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Shipping Stocks Reach Fresh Highs Despite Covid-Era Supply Challenges


Covid-19 has indeed caused numerous supply chaos in various sectors. Counting from global supply chain breakdowns, increased shipping costs, clogged ports, empty store shelves, to rising inflation, the pandemic has left many suppliers and consumers desperate not knowing what to expect next. This has been triggered, especially by the new delta variant.


This, however, does not mean that all shipping suppliers are facing hard times. For instance, after the summer season, bulker owners, container lines, container-ship lessors, and liquefied natural gas (LNG) carriers’ shares are rising to hit new peaks. However, those heavily exposed to the new delta variant, including stocks of crude and product tanker owners, are yet to join the list.


Big Week for Dry Bulk Shipping Stocks


Three dry bulk shipping stocks- Safe Bulkers (NYSE: SB), Diana Shipping (NYSE: DSX), and Genco Shipping and Trading (NYSE: GNK)- have experienced enticing achievements in this week's statistics. Their shares have attained 52-week highs on Monday. Other dry bulk shipping stocks are also close to annual tops. For example, the Breakwave Dry Bulk Shipping ETF (NYSE: BDRY), which is an exchange-traded fund that purchases freight futures, traded at the highest level on Monday since the ETF's inception in March 2018.


Capsizes' rates (bulkers with a capacity of around 180,000 deadweight tons or DWT) surged 15% on Monday to $52,900 per day. Those for Panamaxes (65,000 to 90,000 DWT) reached at around $34,4000 per day while rates for Supramaxes (45,000 to 60,000 DWT) flowed to around $34,900 per day. However, these rates are still not close to the pinnacles reached in 2007-2008 trading.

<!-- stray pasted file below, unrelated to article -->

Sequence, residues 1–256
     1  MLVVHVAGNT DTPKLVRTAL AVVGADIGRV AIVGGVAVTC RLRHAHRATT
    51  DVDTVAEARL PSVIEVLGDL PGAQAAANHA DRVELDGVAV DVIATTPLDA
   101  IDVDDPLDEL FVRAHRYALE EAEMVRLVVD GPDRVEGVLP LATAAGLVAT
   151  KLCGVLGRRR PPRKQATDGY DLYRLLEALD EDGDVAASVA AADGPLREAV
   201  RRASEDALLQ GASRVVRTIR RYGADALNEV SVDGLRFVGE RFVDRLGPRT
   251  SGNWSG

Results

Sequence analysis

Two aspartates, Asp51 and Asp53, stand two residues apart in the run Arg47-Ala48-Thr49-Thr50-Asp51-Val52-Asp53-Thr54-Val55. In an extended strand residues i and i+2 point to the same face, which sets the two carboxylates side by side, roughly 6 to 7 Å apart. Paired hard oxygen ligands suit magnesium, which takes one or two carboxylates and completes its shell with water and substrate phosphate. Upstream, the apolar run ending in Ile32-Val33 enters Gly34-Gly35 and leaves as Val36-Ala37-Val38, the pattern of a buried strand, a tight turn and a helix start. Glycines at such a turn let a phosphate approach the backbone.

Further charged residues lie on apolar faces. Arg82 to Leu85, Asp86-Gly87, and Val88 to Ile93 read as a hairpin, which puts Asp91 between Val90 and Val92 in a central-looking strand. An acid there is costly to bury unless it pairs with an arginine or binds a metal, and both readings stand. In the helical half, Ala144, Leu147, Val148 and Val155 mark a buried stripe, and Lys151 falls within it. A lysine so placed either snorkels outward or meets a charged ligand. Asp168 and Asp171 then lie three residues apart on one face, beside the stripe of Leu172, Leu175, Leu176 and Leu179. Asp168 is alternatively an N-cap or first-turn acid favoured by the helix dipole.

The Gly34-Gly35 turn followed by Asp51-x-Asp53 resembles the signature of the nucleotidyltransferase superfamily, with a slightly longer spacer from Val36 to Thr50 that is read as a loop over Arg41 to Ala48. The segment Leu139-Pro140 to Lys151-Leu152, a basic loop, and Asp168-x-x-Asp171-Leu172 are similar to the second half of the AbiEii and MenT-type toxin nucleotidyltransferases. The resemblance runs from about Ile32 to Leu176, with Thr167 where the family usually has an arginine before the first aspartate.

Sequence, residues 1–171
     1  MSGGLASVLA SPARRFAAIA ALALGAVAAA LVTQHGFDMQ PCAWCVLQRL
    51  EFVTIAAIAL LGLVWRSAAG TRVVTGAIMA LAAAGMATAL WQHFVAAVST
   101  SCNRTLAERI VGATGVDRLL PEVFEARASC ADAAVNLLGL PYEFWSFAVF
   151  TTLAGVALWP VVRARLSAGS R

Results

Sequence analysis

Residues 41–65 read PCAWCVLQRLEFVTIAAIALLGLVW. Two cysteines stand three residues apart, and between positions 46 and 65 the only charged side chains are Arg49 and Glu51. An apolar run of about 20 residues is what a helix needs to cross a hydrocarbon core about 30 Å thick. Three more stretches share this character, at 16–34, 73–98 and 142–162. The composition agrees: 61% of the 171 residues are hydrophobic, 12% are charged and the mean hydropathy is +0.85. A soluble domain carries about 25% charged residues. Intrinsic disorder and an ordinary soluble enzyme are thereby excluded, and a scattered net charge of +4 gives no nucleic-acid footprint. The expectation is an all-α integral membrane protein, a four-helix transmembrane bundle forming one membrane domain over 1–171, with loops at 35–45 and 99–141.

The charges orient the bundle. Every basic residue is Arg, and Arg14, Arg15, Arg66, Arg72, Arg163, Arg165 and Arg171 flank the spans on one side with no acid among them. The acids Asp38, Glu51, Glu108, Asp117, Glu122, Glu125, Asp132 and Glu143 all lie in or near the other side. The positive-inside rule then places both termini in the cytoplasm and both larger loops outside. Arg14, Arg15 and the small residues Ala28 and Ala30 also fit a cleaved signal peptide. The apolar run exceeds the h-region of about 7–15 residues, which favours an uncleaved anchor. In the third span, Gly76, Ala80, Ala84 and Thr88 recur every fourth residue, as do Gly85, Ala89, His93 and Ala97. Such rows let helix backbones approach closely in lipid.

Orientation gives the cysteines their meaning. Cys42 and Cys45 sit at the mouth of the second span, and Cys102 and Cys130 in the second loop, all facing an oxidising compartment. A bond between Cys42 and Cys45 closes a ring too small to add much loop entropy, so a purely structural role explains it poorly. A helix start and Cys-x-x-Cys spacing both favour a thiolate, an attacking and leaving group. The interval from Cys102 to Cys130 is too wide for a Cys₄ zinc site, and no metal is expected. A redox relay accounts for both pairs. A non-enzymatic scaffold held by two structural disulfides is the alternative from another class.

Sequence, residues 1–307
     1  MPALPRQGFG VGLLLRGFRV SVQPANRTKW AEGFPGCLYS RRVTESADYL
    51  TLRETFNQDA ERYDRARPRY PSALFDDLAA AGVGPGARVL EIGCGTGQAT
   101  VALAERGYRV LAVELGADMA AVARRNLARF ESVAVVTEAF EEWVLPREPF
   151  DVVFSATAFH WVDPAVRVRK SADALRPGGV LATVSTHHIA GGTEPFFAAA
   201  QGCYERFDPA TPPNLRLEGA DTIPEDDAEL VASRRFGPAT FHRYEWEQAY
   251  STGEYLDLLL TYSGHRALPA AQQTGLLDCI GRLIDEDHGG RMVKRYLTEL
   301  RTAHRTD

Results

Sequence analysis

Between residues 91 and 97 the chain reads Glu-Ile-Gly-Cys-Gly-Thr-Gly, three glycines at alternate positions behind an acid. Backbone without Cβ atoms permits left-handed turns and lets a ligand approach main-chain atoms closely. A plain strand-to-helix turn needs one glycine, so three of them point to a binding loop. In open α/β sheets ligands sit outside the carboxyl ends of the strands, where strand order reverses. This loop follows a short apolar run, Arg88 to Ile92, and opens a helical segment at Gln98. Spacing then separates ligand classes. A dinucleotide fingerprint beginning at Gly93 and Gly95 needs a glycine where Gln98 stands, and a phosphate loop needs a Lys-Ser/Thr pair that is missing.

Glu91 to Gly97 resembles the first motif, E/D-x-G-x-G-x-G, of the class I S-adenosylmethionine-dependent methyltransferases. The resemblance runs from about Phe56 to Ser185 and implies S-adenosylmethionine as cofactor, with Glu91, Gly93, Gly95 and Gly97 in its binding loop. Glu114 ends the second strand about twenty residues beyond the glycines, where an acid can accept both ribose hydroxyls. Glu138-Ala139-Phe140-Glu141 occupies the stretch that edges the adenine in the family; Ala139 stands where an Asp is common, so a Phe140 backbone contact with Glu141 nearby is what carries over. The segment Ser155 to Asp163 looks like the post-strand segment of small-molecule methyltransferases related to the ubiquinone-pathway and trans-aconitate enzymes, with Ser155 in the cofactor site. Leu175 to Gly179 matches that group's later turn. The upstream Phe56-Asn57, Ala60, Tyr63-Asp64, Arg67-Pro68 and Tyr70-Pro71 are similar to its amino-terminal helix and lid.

With the shares of Safe Bulkers rising 17% in five times the average trading volume on Monday, the statistics show that shares of dry bulk stocks have risen by around 200-400% over the past year. This growth outpaces container stocks in several scenarios.


Container Stocks Hit Highs in September


Container-ship lessor Euroseas (NASDAQ: ESEA) reached its 52-week peak on Monday this week. This happens after most container stocks withdrew due to low single digits during the trading session. Other container stock entities that hit 52-week this month include Global Ship Lease (NYSE: GSL) and Costamare (NYSE: CMRE) on Friday, ZIM (NYSE: ZIM) and Matson (NYSE: MATX) on September 6, and Danaos (NYSE: DAC) the week before that.

Most container liner and ship-lessor stocks rise by around 100-400% over the past year. Danaos (1,508%) and Euroseas (1,204%) were the leading during the trading period.


Not the Same Case for Tankers


Covid-19 has been a blessing for container stocks as most have been trading high amidst the pandemic. For instance, the increased US consumer demand and widespread port congestion have effectively reduced transport capacity. Freight and charter rates have also remained at record levels. However, this is not the same case for crude and product tanker stocks.


The global oil demand has taken longer to recover than expected due to the raging delta variant. Most tanker stocks have been treading water over the past year. For example, Scorpio Tankers (NYSE: STNG), which is the best performer at 24% is underperforming at S&P 500. Nordic American Tankers (NYSE: NAT), which is the retail traders’ favourite recorded the worst performance with a decline of 40%.


Liquefied Natural Gas stocks are, however, enjoying increased demand over the past year. The LNG shipping demand is also hiked by widespread incentives as both traders and energy companies profit from buying gas in the US and selling it overseas. For example, according to Cleaves Securities, the US and Japan spread hub price is almost $17 per million British thermal units while the US and UK spread is over $15.


(Written and edited by The Decision Maker team)